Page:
Saving Sitting Bull’s Horses

History, Hometown Heroes, People, Traditions
on September 2, 2001

Frank and Leo Kuntz look out over the rolling pastures of their fourth-generation ranch east of Linton, N.D., (pop. 1,321). A dusty herd of curious horses watches cautiously, grazing at a safe distance.

For more than 20 years, the brothers have tried to save the Nokota horse—whose bloodlines can be traced to Sitting Bull’s war ponies—for re-introduction back into the wild.

“They aren’t like any modern horse,” Frank explains. “Indian ponies could always outlast the white man’s horses.”

“Bad weather doesn’t bother them, and they’ll eat whatever is out there,” he adds, motioning in the direction of the grassy range.

The Kuntzes never set out to be heroes. When they bought their first wild horses in 1978, they were merely looking for animals with the speed, endurance, and agility to compete in the Great American Horse Race circuit, a series of cross-country, long-distance races.

While mating the horses with their own stock, the brothers noticed the animals they bought from roundups at Theodore Roosevelt National Park were different from any modern breed. Short, sturdy, and big boned, with plain white faces and two-colored eyes, they matched descriptions of horses used by northern Plains Indians more than 125 years ago.

Historical records and photographs convinced the Kuntzes that they were direct descendants of Sitting Bull’s war ponies—confiscated by U.S. troops after the defiant Sioux chief surrendered in 1881—and stock used by early North Dakota ranchers.

In the late 1940s, the free-ranging horses were inadvertently enclosed within the fenced boundaries of Theodore Roosevelt National Park. When the National Park Service began regular roundups in the late 1970s, the Kuntzes bought up every horse they could, eventually acquiring some 130 animals.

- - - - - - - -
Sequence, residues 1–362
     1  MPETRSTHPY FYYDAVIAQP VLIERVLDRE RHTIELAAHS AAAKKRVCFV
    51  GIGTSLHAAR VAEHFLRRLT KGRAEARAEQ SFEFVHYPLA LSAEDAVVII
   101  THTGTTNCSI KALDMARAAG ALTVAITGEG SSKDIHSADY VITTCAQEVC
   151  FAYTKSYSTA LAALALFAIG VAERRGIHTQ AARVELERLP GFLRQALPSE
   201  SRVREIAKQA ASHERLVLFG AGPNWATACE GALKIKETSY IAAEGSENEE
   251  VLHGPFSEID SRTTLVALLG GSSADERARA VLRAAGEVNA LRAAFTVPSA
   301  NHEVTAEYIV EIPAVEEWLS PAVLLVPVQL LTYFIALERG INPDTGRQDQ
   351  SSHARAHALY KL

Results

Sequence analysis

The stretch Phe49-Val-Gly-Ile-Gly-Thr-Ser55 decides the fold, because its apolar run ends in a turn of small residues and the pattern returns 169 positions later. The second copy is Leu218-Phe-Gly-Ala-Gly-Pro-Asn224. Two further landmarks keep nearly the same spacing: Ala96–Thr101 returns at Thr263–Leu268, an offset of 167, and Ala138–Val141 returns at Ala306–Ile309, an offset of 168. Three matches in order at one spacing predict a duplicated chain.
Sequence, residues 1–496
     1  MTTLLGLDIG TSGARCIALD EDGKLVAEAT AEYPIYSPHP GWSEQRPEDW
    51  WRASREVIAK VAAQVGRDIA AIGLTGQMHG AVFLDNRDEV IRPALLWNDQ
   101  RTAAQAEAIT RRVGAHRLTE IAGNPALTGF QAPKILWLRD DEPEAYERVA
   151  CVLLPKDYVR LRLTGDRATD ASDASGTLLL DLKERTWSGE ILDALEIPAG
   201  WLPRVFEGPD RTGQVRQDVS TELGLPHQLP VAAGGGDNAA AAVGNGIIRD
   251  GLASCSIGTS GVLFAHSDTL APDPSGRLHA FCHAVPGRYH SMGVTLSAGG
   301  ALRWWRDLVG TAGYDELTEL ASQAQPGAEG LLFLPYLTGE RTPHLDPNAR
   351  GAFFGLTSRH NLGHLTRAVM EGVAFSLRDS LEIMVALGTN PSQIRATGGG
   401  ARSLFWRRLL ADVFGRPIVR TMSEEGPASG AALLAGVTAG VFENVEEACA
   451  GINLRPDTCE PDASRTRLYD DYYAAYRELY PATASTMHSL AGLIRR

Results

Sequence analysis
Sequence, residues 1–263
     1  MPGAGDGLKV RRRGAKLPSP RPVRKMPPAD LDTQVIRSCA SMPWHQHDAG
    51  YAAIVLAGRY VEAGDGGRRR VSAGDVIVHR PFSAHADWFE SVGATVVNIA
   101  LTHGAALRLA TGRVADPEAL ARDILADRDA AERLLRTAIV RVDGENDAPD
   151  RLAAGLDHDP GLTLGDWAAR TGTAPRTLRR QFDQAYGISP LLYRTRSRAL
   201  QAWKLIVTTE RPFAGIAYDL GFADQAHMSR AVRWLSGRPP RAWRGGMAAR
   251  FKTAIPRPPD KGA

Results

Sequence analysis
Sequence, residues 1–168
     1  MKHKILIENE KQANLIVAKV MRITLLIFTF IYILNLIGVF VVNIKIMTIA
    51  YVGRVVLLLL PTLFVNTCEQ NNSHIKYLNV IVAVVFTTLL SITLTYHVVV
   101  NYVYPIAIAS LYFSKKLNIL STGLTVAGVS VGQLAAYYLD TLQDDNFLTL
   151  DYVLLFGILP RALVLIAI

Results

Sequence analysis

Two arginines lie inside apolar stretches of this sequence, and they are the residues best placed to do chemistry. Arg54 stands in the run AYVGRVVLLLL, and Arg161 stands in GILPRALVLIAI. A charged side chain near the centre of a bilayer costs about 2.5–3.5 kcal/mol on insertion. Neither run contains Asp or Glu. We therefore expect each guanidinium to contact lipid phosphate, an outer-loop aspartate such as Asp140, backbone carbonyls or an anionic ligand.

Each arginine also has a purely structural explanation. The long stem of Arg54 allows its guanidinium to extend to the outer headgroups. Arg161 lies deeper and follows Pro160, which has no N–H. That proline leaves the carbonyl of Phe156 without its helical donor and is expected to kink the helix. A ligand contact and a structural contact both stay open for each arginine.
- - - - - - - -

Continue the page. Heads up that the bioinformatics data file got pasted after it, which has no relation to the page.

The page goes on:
“We realized if we didn’t save this horse, it would die out,” Frank says. “People thought we were crazy. But you can’t worry about what people think, and you can’t always look at things in terms of dollars and cents.”

“There were many times we thought of giving up,” Leo adds, “but luckily it was never at the same time.”

Over the years, the Kuntzes have spent hundreds of thousands of dollars buying and caring for the horses, and their Nokota herd has increased to 300 head.

“They are a unique reflection of the cultural history of western North Dakota,” says Castle McLaughlin, a cultural anthropologist and professor at Harvard University. “The Kuntz brothers didn’t have the means to save the horses, but they had the heart and the will, so they just did it.”

McLaughlin conducted a study of the horses between 1987 and 1990. Her 300-page report concluded that the Nokota horses are descendants of those that have roamed the badlands of North Dakota at least since the 1880s.

“The horses are part of the history of our land. Everyone should be interested in that,” says Mary Louise Defender-Wilson, a Nakota-Hidasta speaker and storyteller from Shields, N.D. “The Kuntz brothers are to be respected for all their efforts.”

In 1993, North Dakota lawmakers designated the Nokota horse as the “honorary state equine.” Then, in 1999, as word spread, the Nokota Horse Conservancy, a non-profit organization with members from across the country, was formed to support the Kuntzes’ efforts. The group is organizing a registry for the Nokota breed. Its long-term goal is to acquire land for a horse sanctuary.

Later this year, San Francisco-based Perihelion Films plans to release a documentary titled Nokota, chronicling the history and survival of the last wild horses in North Dakota.

“It’s encouraging to get help after all these years,” Frank says.